If you’re just joining us, Briefs by Blake is a special series that spotlights a handful of manga that only ran for a short while (chapter lengths in the teens to twenties). We hope you enjoy the final installation of this series.
As a kid, I became aware of anime through the rising popularity of things like Dragon Ball Z on Cartoon Network. A few other shows, like Sailor Moon, Yu Yu Hakusho, and (oddly) Hamtaro filled the after school block and ignited interest in burgeoning fans of the medium. It would be years before I realized that other shows I’d watched and loved as a kid – Digimon, Yu-Gi-Oh!, Pokémon, Mon Colle Knights, Medabots – were also anime. And unfortunately I didn’t have access to Cartoon Network at home until years later, leaving me only periodic access to these shows that thrilled my peers and filled my imagination.
One such show that caught my eye was Rurouni Kenshin, a comparatively stripped-down story about a retired samurai. I saw very little of it until just a few years ago, when I watched a handful of episodes from the start of the series. I enjoyed them, and hope to give the series proper attention someday.
Rurouni Kenshin was a big hit, and in 2012 had a live action film on the way. As a result, the original manga creator, Nobuhiro Watsuki, decided to return to the series with Rurouni Kenshin: Restoration. This is a two-volume, 11 chapter story that retells some of the pieces of the original Rurouni Kenshin. Some changes and updates were made, with minor adjustments to how characters act, but overall this was an attempt at a faithful remake to please fans and entice new ones.
As a longtime aspiring fan with limited knowledge of the actual series, I quite enjoyed Restoration. The original Rurouni Kenshin feels like a slower, older-style, episodic story (at least in the early going), as opposed to faster-paced and more serialized modern fare like My Hero Academia and One Punch Man. I found Restoration to be a nice intersection of my understanding and limited experience of the original, with a more streamlined modern experience. Because the series was intentionally written to be short, things happen quickly and don’t linger overlong.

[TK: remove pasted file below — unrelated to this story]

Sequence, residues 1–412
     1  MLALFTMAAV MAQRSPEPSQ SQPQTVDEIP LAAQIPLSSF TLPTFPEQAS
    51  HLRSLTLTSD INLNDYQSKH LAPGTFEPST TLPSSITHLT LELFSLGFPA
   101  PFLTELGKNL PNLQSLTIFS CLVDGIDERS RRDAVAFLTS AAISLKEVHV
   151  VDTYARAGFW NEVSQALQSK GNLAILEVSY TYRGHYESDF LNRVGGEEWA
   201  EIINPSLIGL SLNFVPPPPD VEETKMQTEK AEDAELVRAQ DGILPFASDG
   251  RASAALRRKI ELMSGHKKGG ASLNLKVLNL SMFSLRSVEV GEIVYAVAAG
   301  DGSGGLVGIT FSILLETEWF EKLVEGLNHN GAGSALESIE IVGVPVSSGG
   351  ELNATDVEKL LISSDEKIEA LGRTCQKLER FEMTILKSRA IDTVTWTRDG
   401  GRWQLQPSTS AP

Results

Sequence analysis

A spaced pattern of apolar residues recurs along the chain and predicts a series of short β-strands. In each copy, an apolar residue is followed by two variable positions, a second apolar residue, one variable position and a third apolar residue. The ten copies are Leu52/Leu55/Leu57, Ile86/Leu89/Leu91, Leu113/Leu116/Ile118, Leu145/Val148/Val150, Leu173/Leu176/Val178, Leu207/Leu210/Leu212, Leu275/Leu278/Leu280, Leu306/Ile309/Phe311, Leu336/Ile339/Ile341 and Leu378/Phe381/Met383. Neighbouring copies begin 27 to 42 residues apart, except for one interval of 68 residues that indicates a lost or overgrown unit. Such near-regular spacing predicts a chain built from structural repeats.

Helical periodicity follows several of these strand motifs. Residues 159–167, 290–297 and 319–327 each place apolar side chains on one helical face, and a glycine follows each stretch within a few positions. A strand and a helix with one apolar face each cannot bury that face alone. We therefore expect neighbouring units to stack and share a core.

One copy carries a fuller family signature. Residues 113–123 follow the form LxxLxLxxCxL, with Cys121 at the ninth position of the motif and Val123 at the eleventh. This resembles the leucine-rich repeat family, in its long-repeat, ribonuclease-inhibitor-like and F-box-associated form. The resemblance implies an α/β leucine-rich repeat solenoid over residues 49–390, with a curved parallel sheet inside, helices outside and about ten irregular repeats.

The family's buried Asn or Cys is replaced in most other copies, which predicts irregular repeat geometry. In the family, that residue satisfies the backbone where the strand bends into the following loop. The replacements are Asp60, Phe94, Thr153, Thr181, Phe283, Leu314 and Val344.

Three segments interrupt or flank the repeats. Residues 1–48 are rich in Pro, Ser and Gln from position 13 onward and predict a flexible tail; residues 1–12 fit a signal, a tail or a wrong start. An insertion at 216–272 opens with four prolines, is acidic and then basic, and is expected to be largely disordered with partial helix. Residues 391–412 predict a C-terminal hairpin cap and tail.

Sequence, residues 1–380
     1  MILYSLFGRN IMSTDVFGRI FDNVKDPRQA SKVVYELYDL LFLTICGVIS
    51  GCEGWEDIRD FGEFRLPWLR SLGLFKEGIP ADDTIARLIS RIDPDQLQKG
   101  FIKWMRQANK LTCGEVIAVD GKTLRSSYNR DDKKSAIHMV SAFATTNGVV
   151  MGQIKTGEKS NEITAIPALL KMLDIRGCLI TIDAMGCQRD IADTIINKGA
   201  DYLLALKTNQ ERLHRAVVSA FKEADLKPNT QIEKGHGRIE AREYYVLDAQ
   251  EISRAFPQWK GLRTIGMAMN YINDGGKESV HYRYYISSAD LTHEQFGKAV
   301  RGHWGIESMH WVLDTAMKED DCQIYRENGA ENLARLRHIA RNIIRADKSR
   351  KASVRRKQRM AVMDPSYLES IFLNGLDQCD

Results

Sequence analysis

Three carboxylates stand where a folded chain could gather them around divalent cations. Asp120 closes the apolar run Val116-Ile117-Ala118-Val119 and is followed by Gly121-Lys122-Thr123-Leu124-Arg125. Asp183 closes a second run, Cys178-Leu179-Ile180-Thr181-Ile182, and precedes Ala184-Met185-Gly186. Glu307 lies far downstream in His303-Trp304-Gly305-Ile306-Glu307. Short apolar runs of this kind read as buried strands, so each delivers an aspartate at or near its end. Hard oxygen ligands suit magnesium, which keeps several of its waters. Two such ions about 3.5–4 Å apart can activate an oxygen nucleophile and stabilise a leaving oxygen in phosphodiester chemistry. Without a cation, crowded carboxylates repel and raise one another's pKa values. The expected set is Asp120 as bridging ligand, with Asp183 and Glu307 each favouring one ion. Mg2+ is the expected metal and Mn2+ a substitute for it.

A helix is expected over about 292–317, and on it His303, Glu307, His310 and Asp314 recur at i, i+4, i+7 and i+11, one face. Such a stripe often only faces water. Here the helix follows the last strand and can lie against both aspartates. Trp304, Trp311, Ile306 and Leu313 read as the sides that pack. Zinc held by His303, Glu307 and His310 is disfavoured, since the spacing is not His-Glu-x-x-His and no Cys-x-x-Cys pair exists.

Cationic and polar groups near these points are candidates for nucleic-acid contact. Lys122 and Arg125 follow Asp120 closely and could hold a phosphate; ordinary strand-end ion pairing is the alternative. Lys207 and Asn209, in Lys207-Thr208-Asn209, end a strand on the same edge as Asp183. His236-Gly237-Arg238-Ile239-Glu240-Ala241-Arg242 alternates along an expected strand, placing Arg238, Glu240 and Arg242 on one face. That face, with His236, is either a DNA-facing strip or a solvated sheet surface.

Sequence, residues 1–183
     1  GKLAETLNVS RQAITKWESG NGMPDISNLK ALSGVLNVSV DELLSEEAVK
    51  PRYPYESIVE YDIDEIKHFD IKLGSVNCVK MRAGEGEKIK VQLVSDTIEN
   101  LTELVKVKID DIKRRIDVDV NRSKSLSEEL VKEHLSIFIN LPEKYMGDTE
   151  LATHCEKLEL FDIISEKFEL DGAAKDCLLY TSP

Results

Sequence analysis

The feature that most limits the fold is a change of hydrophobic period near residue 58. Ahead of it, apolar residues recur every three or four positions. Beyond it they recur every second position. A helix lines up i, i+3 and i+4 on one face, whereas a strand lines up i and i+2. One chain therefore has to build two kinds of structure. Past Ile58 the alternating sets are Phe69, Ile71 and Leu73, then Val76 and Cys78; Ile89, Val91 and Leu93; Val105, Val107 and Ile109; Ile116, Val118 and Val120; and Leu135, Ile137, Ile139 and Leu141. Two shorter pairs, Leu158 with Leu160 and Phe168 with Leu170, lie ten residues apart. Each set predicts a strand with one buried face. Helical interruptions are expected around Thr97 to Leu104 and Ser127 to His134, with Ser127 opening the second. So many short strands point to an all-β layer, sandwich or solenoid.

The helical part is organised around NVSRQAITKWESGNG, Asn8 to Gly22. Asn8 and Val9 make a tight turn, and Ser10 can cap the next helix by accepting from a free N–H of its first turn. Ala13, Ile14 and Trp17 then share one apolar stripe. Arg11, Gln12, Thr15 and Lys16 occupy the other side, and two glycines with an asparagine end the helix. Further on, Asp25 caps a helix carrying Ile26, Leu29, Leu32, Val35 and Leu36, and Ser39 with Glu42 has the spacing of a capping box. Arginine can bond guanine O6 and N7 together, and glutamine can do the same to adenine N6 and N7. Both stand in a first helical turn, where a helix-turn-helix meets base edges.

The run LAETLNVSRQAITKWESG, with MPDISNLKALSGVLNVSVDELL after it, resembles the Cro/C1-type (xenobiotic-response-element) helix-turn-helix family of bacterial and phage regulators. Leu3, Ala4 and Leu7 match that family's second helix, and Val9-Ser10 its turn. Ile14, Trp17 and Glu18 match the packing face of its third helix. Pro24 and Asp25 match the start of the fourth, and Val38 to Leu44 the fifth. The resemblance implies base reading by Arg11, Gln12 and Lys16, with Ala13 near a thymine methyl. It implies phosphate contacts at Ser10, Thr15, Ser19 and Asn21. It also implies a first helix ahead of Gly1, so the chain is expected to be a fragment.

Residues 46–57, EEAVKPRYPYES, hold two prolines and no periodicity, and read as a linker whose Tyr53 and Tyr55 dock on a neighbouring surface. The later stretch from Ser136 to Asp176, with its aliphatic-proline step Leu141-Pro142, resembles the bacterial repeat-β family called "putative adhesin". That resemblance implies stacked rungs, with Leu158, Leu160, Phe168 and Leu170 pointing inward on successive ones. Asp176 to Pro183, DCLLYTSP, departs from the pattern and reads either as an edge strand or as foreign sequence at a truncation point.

It could be argued that this accelerated pace is a bit of a drawback occasionally, as things blitz into being only to be dispensed with by the end of the chapter. One character’s entire focal story is introduced and resolved in two chapters, and he plays a major role in the original series. I generally wasn’t upset by these quick turnarounds, because I understood that this was a short miniseries by design. It does a good job of having its episode-of-the-week cake baked into the DNA of the original, while still sticking the landing on a satisfying arc well enough.
I say “well enough” because the fast, episodic nature did make the finale feel awfully quick. A hitherto unintroduced character appears, and in the span of two or three chapters, is defeated, taking the series with him. The character, set up to be a particularly powerful and sadistic villain, does not quite have the time to establish his bona fides, either as a talented and dangerous swordsman or as an amoral bastard. While these quick intros work well with lighter conflicts throughout the series, they cause something of a stumble here in the finale.
Despite this, Restoration is a good time. Another bite-sized manga, this could easily be devoured in the course of a snowy afternoon. Anyone familiar with the original Rurouni Kenshin will likely be delighted by this quick highlight reel down memory lane, while those unfamiliar will likely find this a welcoming and enticing tease. I suspect that many, like me, will find interest in the original series spiked by this speedy retelling. If you’re in the market for more grounded shonen fare, and/or a fun samurai romp, this is a must-read.